Unobserved State Fragility and the Political Transfer Problem
Executive Summary — This paper describes how the dynamics of unobserved state fragility may generate negative consequences for other countries. Ahmed and Werker argue for the theoretical possibility that autocrats experiencing a windfall in unearned income may find it optimal to donate some of the windfall away in order to make the state less attractive a prize to a potential insurgent. Additionally, recipients of the aid may themselves become more repressive with high aid and fall into conflict with lower levels of aid. These joint phenomena make up what the authors term the political transfer problem. The largest windfall in unearned income of the 20th century, the period from 1973-85 during which oil prices were at all-time highs, produced political dynamics consistent with this model. Key concepts include:
- Aid windfalls may lead to higher conflict in recipient countries.
- The political transfer problem may have occurred at least once in recent history, on a massive scale. The 1973 oil embargo produced a dozen years of sky-high oil prices, filling the coffers of the producer states. At the same time, autocracies such as Saudi Arabia initiated generous foreign aid programs while simultaneously increasing the level of repression-measured by a reduction in the constraints on the executive and in political rights.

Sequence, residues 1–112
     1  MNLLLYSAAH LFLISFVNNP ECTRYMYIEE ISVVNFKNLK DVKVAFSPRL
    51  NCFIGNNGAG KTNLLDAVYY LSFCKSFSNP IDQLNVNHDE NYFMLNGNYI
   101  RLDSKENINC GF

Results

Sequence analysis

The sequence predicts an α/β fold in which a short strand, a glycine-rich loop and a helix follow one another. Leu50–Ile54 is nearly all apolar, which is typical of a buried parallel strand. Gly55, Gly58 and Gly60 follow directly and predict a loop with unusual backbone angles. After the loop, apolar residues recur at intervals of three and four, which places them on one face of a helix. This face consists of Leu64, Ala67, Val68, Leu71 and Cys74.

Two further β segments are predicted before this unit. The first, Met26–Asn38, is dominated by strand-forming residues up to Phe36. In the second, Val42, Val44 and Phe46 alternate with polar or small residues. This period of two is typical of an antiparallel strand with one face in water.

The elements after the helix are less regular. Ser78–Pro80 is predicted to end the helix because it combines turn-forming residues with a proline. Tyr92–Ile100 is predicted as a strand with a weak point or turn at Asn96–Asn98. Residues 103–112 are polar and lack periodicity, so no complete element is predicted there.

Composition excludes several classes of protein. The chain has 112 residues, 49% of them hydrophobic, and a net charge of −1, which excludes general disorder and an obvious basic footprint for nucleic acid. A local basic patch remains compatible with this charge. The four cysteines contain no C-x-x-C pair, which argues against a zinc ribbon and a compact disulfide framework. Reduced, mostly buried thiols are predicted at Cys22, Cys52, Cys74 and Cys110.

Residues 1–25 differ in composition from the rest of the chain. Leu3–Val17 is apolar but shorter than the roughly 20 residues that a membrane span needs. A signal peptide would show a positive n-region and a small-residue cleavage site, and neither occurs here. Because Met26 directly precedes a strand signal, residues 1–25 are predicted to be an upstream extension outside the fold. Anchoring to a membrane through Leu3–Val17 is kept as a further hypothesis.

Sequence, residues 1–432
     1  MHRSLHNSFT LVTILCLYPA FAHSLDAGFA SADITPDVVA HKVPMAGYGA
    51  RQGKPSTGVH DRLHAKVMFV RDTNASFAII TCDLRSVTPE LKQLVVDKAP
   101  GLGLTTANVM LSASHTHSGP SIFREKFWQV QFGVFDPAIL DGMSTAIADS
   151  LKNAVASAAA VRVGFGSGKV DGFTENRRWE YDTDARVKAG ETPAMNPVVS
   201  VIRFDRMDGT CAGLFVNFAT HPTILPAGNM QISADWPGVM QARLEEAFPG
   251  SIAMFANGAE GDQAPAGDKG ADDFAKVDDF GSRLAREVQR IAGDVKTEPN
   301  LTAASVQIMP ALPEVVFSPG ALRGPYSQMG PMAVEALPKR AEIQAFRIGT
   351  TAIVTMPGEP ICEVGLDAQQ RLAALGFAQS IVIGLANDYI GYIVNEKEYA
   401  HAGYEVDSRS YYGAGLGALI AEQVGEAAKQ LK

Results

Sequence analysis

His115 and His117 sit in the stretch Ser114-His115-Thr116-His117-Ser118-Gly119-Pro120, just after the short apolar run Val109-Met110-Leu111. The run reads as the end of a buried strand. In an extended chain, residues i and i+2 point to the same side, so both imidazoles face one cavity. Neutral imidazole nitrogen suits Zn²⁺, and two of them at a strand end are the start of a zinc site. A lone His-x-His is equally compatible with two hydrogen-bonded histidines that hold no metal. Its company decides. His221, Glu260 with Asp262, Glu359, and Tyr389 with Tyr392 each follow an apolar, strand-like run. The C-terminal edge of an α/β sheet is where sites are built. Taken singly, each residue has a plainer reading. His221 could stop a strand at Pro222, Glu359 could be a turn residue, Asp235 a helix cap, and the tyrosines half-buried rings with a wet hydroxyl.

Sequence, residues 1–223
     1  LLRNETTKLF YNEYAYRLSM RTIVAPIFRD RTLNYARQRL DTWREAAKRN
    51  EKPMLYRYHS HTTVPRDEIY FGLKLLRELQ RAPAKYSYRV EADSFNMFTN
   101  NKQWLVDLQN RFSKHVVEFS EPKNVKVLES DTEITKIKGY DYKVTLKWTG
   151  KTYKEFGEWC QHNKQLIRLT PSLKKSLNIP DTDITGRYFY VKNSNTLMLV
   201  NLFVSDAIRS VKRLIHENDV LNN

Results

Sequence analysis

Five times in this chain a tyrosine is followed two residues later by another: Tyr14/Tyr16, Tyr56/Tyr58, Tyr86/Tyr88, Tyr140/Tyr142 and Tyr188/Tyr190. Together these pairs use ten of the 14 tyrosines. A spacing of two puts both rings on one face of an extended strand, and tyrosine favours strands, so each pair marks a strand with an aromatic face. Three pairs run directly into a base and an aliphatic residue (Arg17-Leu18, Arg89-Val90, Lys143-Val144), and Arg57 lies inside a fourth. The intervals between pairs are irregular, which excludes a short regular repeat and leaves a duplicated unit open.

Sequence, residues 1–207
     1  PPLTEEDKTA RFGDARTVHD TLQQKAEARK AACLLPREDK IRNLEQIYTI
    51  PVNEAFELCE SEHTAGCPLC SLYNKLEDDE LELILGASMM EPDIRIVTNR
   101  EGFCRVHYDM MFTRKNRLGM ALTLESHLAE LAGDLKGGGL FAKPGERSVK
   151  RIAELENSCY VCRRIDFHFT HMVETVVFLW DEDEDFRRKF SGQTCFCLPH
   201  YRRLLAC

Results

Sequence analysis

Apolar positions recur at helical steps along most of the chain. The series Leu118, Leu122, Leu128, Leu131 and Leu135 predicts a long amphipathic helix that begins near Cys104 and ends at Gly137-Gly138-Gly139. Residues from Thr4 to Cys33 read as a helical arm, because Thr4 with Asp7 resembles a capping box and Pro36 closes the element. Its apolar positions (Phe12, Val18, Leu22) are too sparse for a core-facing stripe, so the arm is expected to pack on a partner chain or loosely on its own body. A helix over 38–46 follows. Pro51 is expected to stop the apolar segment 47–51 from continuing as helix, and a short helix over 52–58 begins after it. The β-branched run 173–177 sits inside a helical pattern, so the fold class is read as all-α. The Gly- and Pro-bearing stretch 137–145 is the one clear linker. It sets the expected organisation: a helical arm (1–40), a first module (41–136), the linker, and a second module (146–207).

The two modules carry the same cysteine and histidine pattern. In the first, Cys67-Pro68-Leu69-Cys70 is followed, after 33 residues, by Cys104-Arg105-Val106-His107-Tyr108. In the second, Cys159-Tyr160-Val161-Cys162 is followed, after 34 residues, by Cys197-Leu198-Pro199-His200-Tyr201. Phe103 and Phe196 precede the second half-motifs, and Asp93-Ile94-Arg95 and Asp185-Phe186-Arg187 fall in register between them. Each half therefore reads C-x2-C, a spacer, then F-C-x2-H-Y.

- Recipients of the petro aid windfall experienced higher repression during the oil price shock, and-once the aid began to fall, following the collapse in oil prices in the mid-1980s-a substantial increase in civil war.
- The model and empirical evidence provide a backdrop to understand some of the emerging dynamics underlying political upheaval in the Middle East and North Africa this current decade.
Autocrats experiencing a windfall in unearned income may find it optimal to donate to other countries some of the windfall in order to make the state a less attractive prize to potential insurgents. We put forward a model that makes that prediction, as well as the additional predictions that the recipients of the aid may themselves become more repressive with high levels of aid and experience conflict with medium levels of aid. We call these joint phenomena the political transfer problem, and argue that the largest windfall of the 20th century, the period from 1973-85 during which oil prices were at all-time highs, produced long-run political dynamics consistent with the model. In particular, major oil exporters have been politically repressive, generous with foreign aid when oil prices are high, and free of civil war; in contrast, the recipients of petro aid were relatively repressive (and peaceful) during the period of high oil prices, but subject to civil war when oil prices fell and aid was reduced. Surprisingly, the political transfer problem did not seem to materialize when oil prices again began to creep up in the 21st century; this nonexistence of the problem can be explained by the model against the backdrop of evolving geopolitics and economics.